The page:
REVIEW: Space Unicorn Blues by T.J. Berry
A misfit crew race across the galaxy to prevent the genocide of magical creatures, in this unique science fiction debut.
Having magical powers makes you less than human, a resource to be exploited. Half-unicorn Gary Cobalt is sick of slavery, captivity, and his horn being ground down to power faster-than-light travel. When he’s finally free, all he wants is to run away in his ancestors’ stone ship. Instead, Captain Jenny Perata steals the ship out from under him, so she can make an urgent delivery. But Jenny held him captive for a decade, and then Gary murdered her best friend… who was also the wife of her co-pilot, Cowboy Jim. What could possibly go right?
Dear T.J. Berry,
I am conflicted about grading this book. It is well written in my opinion, but couple of things which thematically seemed important did not work for me. Actually, one of those things seemed very important and another was my personal turn off.
” When the murderer Gary Cobalt trotted into Bitter Blossom, he nearly gave himself as half- unicorn within thirty seconds. His prison-issued pants were hiked up so high that his hooves stuck out the bottom, chopping across the title, calling all sorts of attention. He’d hoped people would mistake him for a common faun, but the bartender let him know that he wasn’t fooled”.
This is how the book starts and very soon we learned that Gary spent ten years in Quag (a prison) for a murder that he may or may not have been committed.
We also learn (without dreaded info dumps) that humanity left a dying Earth some time ago and went into space where they met aliens called Bala and quickly decided to colonize Bala’s planets, treat them like complete crap, and then get into a war with them. The Bala may not have looked like humans, but they treated starving human colonists with nothing but kindness.
“It didn’t matter that the alien Bala had familiar shapes known to humans through centuries of myth and legend; unicorns, faeries and elves. Or that they offered to use their magic to help the colonists survive in their new home. The humans fired the opening shots in what would become a hundred years of war between the humans and the Bala.”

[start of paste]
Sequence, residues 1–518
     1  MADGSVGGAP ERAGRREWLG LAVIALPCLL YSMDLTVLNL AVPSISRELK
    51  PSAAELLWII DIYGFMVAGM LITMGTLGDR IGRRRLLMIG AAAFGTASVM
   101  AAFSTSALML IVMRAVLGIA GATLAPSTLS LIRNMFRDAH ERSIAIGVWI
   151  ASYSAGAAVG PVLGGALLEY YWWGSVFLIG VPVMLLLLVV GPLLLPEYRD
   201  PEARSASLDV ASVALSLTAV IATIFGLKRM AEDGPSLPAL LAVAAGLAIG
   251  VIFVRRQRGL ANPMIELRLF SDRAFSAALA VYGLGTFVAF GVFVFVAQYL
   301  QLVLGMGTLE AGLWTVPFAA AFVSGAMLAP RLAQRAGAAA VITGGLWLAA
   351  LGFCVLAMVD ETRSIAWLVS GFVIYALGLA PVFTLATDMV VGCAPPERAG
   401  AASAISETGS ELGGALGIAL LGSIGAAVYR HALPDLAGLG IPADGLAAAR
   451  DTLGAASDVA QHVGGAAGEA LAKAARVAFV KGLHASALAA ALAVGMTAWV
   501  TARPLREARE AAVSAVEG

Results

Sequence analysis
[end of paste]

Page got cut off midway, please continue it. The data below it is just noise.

Now a lot of Bala planets are colonized and a lot of Bala are treated like slaves or worse. Unicorns are almost extinct and their horns are used as a fuel for the space ships and their blood for its healing properties.
Before his imprisonment, Gary and Jenny had been on different sides of the war. Sometime after the battle of Copernica, Jenny and a couple of her friends caught Gary and his ship and treated him and the ship very horribly. As blurb tells you Gary was tortured for two years and then Jenny made sure Gary was arrested for murder (I can’t tell you about the murder because spoilers).
Now Gary is out, comes to a certain bar, and attempts to win his ship back from the owner of the said bar. Due to certain events he is almost captured again and then miraculously this same Jenny and her teammate help him to get out. Jenny asks him to help make a delivery in space and then she will give him his ship back. She is sorry, you see.
Gary takes her up on her offer and off they go. What follows is a suspenseful space opera with our heroes in constant danger before they reach their goal.
So, what did not work? Firstly, I thought that the story injected some humor in very appropriate places; but as Gary is half unicorn I giggled when I thought I was not supposed to at times.
Most importantly, the reason why I bought this book in the first place was because I read author’s essay in “The Big Idea” on John Scalzi’s blog and that essay made me think about how hard it is to forgive and actually apologize, and thought it would be one of the main themes of the story. It didn’t feel that way at all. Oh, Jenny clearly struggles with what she did and I believed that her awkward words at the end were the result of a soul searching and all. Gary, on the other hand, just decides to accept the offer from his torturer and all is forgiven? What the actual heck?
I expected much more in depth development of the forgiveness theme and I do not think that happened here.